Note: For simplification, an attempt was made to filter out JUCO and military academy transfers from the results, and only high school senior signees (not necessarily qualifiers) were counted. Additionally, Rivals ratings were used until the 2010 Class at which point the 247 composite ranking became available.

Alabama

For complete OOS tally click here.

Year

Total Signees

Total OOS

%

OOS 4*

OOS 5*

2004

18

2

11

-

-

2005

29

13

45

3

-

2006

23

11

48

6

-

2007

25

9

36

2

-

2008

32

11

34

8

-

2009

28

16

57

7

1

2010

30

18

60

9

-

2011

25

15

60

9

2

2012

25

16

64

11

2

2013

26

17

65

7

4

2014

24

18

75

8

3

Initial Impressions:

  • The Shula Era ended in 2006 and Saban has been in charge since, if the roster-flipping purges of 2008-2010 weren't apparent. Since taking the helm, both the quantity and quality of OOS recruits has risen to ridiculous levels.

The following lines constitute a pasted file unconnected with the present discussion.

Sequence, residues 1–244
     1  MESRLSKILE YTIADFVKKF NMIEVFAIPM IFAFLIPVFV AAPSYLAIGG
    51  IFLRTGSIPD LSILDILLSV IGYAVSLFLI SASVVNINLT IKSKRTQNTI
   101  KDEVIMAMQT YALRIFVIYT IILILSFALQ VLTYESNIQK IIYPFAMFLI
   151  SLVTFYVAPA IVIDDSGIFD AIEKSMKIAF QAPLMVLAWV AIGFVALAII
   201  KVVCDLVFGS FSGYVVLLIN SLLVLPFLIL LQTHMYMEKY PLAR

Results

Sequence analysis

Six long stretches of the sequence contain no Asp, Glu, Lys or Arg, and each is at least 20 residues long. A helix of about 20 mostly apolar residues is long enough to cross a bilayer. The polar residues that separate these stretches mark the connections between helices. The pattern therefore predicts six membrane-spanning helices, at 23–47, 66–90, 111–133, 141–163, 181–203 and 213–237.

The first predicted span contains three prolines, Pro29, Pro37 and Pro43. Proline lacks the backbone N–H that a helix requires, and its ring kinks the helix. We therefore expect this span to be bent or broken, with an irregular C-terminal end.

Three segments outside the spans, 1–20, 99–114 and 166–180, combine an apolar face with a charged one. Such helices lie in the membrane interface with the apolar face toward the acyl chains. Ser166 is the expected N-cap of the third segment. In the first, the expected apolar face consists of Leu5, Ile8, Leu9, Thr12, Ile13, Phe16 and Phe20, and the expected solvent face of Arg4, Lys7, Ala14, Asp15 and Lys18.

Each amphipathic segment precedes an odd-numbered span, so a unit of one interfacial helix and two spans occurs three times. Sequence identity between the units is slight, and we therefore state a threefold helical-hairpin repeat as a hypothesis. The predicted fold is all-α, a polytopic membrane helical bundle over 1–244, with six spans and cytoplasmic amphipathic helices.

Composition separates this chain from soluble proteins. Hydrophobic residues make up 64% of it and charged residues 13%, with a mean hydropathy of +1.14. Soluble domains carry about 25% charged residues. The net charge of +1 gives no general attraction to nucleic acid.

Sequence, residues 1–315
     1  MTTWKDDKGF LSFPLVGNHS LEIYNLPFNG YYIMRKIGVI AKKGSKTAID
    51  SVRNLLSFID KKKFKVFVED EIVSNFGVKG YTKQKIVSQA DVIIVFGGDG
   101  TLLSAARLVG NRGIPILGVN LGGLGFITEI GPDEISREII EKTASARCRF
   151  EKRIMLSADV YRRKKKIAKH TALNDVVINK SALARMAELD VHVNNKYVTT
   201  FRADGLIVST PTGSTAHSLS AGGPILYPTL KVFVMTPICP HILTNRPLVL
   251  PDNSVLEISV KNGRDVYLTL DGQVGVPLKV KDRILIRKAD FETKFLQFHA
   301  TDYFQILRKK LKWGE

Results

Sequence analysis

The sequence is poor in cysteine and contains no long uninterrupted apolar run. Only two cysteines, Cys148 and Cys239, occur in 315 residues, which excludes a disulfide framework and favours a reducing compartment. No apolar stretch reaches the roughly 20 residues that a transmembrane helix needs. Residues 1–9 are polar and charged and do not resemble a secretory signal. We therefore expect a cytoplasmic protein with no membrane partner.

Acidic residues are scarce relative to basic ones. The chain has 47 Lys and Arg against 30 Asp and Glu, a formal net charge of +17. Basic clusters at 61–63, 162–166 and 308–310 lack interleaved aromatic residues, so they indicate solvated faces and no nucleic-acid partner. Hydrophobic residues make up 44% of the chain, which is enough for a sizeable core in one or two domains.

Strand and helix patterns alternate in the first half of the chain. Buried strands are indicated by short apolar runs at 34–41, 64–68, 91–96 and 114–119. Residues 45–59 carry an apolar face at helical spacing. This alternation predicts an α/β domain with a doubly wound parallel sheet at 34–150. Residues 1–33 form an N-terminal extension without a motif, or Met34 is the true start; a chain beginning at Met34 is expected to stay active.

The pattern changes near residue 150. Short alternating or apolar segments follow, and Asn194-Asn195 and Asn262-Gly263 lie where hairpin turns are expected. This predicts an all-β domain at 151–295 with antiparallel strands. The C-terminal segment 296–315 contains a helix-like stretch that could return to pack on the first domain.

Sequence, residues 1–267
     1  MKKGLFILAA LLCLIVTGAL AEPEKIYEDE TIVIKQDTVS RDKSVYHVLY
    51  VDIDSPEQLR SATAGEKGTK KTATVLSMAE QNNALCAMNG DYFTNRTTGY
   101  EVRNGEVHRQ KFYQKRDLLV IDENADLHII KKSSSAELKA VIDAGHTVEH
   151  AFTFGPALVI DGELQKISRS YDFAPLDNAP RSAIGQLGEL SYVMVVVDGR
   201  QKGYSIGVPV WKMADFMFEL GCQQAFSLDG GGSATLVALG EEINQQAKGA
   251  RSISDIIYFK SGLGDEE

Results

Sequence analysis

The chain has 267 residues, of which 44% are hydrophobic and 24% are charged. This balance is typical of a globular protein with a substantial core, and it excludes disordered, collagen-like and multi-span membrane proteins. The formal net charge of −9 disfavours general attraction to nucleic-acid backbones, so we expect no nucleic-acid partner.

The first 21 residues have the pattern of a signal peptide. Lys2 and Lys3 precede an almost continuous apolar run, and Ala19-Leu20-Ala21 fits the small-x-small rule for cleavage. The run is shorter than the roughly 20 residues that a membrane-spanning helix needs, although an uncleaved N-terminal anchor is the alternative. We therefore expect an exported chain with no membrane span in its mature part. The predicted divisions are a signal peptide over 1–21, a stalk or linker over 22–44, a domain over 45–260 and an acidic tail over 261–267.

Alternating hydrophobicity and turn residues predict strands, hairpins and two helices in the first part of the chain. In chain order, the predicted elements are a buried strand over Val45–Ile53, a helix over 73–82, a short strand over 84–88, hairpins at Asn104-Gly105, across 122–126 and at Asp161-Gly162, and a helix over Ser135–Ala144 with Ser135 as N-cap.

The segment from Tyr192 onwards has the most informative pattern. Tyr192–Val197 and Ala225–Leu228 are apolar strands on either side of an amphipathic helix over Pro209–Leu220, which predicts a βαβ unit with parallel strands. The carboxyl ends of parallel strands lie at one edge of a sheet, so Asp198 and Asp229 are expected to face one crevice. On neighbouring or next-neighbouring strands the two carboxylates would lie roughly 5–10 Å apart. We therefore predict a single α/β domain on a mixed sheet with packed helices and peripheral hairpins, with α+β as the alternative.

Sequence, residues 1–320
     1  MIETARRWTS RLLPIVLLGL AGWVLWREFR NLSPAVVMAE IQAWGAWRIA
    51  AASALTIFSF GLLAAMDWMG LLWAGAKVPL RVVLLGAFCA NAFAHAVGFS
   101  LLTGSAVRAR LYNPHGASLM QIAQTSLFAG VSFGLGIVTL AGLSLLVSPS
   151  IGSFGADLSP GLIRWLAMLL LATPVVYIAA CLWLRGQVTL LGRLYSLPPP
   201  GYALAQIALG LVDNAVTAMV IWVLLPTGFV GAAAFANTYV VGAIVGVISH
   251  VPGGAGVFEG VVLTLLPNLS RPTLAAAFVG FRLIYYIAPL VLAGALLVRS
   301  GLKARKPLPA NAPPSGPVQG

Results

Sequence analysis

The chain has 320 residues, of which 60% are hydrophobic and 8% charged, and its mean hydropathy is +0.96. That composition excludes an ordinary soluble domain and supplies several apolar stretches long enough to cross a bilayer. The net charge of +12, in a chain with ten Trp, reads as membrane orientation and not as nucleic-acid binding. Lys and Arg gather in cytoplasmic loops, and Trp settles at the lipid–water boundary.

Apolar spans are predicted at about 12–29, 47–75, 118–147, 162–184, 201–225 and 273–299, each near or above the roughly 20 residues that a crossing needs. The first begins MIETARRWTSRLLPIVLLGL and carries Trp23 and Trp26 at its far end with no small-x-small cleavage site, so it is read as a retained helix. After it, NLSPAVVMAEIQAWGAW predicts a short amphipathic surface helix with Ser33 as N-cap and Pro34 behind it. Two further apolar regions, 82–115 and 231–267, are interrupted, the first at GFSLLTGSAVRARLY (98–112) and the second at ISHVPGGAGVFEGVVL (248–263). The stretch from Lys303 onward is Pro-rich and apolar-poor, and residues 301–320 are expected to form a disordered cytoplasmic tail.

• The Southern states 'Bama has most of its OOS recruits from are: Georgia, Louisiana, Tennessee, Mississippi, and Texas.
  • Noticeable is the drop in Florida signees since 2007, likely coinciding with the apex of Urban Meyer's power in Gainesville and then continuing with Jimbo Fisher's ascendance to head coach in 2010. Meanwhile, every program in the country competes for the state's recruits.
  • Since 2013 'Bama is picking off select recruits in more geographically diverse places like Minnesota, Michigan, Iowa, Pennsylvania, and New Jersey to name a few. The rise in national prominence is reflected in 'Bama's ability to sign a kid from anywhere.
  • The ebb and flow of assistant coaches and their regional connections also influences OOS recruiting. Curt Cignetti signed a lot of talent out of Tennessee from 2007-2010 for 'Bama, and Kevin Steele has helped sign highly ranked OOS defensive talent east of the Mississippi in each of his Tuscaloosa tours. Bobby Williams is the lead recruiter for most of the signees out of the Midwest the last few cycles.